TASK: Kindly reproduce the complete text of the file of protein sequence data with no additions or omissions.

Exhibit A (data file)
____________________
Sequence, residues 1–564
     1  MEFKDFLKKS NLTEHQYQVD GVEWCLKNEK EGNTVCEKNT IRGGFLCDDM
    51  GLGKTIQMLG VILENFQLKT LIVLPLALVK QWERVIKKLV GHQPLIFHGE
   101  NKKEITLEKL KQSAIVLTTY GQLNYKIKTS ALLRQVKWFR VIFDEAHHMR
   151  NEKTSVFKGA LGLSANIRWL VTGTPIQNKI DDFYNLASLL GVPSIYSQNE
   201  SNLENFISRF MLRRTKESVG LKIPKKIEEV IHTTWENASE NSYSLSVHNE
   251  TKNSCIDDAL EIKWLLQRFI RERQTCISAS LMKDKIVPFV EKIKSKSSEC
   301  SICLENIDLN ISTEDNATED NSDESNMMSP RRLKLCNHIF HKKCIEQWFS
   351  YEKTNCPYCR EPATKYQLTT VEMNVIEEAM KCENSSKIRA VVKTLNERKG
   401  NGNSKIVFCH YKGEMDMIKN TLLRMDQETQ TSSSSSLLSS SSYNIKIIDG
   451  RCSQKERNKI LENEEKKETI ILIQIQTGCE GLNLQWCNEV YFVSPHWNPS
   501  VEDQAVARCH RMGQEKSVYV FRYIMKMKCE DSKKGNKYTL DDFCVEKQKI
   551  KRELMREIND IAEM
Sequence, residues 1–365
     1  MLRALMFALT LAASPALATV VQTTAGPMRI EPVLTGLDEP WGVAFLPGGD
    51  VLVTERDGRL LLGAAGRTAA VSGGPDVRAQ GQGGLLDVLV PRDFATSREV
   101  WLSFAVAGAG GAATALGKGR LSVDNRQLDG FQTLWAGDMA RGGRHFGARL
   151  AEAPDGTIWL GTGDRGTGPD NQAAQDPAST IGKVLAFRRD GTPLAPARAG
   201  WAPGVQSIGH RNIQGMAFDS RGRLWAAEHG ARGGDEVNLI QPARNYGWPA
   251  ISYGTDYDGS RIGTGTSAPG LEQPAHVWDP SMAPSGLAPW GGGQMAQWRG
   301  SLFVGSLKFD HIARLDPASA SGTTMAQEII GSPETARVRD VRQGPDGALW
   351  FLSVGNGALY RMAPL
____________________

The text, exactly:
Sequence, residues 1–564
     1  MEFKDFLKKS NLTEHQYQVD GVEWCLKNEK EGNTVCEKNT IRGGFLCDDM
    51  GLGKTIQMLG VILENFQLKT LIVLPLALVK QWERVIKKLV GHQPLIFHGE
   101  NKKEITLEKL KQSAIVLTTY GQLNYKIKTS ALLRQVKWFR VIFDEAHHMR
   151  NEKTSVFKGA LGLSANIRWL VTGTPIQNKI DDFYNLASLL GVPSIYSQNE
   201  SNLENFISRF MLRRTKESVG LKIPKKIEEV IHTTWENASE NSYSLSVHNE
   251  TKNSCIDDAL EIKWLLQRFI RERQTCISAS LMKDKIVPFV EKIKSKSSEC
   301  SICLENIDLN ISTEDNATED NSDESNMMSP RRLKLCNHIF HKKCIEQWFS
   351  YEKTNCPYCR EPATKYQLTT VEMNVIEEAM KCENSSKIRA VVKTLNERKG
   401  NGNSKIVFCH YKGEMDMIKN TLLRMDQETQ TSSSSSLLSS SSYNIKIIDG
   451  RCSQKERNKI LENEEKKETI ILIQIQTGCE GLNLQWCNEV YFVSPHWNPS
   501  VEDQAVARCH RMGQEKSVYV FRYIMKMKCE DSKKGNKYTL DDFCVEKQKI
   551  KRELMREIND IAEM
Sequence, residues 1–365
     1  MLRALMFALT LAASPALATV VQTTAGPMRI EPVLTGLDEP WGVAFLPGGD
    51  VLVTERDGRL LLGAAGRTAA VSGGPDVRAQ GQGGLLDVLV PRDFATSREV
   101  WLSFAVAGAG GAATALGKGR LSVDNRQLDG FQTLWAGDMA RGGRHFGARL
   151  AEAPDGTIWL GTGDRGTGPD NQAAQDPAST IGKVLAFRRD GTPLAPARAG
   201  WAPGVQSIGH RNIQGMAFDS RGRLWAAEHG ARGGDEVNLI QPARNYGWPA
   251  ISYGTDYDGS RIGTGTSAPG LEQPAHVWDP SMAPSGLAPW GGGQMAQWRG
   301  SLFVGSLKFD HIARLDPASA SGTTMAQEII GSPETARVRD VRQGPDGALW
   351  FLSVGNGALY RMAPL